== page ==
Posts Tagged ‘playstation 3’

Play, Create, Share

May 11, 2010

play create share

Play, Create, Share is the future of video game content.

sack boy

This was the Sony’s statement to its competitors nearly two years ago. Three words with endless possibilities, awash with post-modern vector power points and encapsulated within its flagship community-based video games. The term was created by Sony for its exclusive titles. Titles that rely heavily upon user-created content which can be uploaded and distributed over the PlayStation Network. Little Big Planet was the first release to fall within the Play, Create, Share bracket and despite initial teething issues it has proved to be a true success story in both micro transaction and community-based products.

After a year of speculation, Sack Boys worldwide popped, slapped and guffawed as Media Molecule announced there would be another Little Big Planet offering. Sony have alluded to creation on a grander scale than the first game. The trailer hints at this with a wider level of customisation with digital puppets, intelligently design characters, narrative arcs and hybrid genres all being demonstrated within the revamped engine.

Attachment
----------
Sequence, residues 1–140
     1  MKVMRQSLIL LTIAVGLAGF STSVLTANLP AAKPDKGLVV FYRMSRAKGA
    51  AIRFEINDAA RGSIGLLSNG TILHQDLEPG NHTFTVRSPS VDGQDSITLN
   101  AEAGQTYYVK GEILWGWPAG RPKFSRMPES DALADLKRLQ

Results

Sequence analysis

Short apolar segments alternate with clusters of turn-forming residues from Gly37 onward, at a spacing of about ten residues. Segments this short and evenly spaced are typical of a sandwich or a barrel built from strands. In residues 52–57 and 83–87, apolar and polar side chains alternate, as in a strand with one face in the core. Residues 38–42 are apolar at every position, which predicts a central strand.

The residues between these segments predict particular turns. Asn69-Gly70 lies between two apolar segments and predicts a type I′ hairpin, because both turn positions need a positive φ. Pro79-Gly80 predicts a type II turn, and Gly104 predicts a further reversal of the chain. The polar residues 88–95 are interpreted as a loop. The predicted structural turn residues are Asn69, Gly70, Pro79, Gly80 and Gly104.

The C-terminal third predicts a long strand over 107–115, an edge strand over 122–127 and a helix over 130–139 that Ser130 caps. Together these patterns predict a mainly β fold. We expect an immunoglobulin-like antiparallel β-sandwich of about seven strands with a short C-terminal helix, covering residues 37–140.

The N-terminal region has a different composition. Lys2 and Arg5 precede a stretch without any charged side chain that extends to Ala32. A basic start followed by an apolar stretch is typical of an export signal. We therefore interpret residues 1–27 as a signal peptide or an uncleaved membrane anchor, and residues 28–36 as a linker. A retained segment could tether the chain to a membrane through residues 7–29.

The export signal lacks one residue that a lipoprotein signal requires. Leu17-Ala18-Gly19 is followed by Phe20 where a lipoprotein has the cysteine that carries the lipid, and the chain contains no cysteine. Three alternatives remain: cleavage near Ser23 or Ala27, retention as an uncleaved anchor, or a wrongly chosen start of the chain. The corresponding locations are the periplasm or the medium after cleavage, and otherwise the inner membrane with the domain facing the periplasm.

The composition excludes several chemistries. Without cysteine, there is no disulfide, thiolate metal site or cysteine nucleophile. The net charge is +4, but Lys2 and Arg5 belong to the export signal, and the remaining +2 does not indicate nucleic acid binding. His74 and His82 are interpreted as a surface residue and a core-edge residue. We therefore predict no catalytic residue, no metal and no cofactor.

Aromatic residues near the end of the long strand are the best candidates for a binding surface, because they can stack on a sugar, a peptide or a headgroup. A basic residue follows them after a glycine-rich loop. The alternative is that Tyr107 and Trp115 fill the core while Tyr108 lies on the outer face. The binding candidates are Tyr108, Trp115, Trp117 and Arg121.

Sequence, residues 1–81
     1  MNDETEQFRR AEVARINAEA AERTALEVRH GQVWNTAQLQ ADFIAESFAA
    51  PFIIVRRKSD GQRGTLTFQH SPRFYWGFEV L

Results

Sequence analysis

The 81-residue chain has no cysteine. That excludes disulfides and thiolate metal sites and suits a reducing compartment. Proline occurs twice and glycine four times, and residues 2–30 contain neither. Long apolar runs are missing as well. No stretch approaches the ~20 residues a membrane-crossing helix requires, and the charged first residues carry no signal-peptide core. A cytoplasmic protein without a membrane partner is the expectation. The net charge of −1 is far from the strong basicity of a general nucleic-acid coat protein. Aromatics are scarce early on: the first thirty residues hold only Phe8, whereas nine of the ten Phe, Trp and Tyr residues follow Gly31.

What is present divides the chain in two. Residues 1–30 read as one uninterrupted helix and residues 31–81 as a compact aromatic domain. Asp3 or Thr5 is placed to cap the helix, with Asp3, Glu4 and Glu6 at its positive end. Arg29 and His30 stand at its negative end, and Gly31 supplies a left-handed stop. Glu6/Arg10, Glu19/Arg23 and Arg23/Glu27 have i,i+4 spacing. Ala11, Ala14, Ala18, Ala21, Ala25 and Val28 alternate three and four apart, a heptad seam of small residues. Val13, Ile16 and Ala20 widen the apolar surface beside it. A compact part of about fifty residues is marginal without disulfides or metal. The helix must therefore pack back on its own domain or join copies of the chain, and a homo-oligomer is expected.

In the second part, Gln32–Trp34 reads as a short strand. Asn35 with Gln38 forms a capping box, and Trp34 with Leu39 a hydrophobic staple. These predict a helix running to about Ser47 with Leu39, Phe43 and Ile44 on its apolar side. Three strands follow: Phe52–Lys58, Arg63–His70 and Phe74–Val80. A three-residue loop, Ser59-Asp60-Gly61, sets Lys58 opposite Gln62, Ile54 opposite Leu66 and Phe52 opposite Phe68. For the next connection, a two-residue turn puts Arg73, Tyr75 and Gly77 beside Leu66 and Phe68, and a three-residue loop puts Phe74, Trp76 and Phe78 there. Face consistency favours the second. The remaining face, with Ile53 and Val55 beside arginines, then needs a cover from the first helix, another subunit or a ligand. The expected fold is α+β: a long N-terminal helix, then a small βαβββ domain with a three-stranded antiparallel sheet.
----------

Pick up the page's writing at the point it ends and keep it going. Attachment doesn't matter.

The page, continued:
Here’s the trailer (Did Nathan Barley do the score?):

The biggest concern with a sequel so heavily reliant upon its players content is that a new release would make everything previously created on the original LBP redundant. Media Molecule were keen to dispel this rumour by confirming that all the levels from the first game would be incorporated and fully compatible with Little Big Planet 2.

sack boy mod nation

Great news for content junkies but the gripe many have with the original release is the constant removal of content that has even the faintest nostalgic wink to a red plumber or blue hedgehog. Both Sony and MM demonstrated draconian copyright enforcement that would make Viacom blush. Let’s just hope that they won’t be too strict this time around when it comes to punishing the hard working individuals that served as stanchions for the community. People spent hours upon hours meticulously trying to rehash their favourite levels from classic franchises only to have them erased within thirty minutes for having the audacity to reference a mushroom.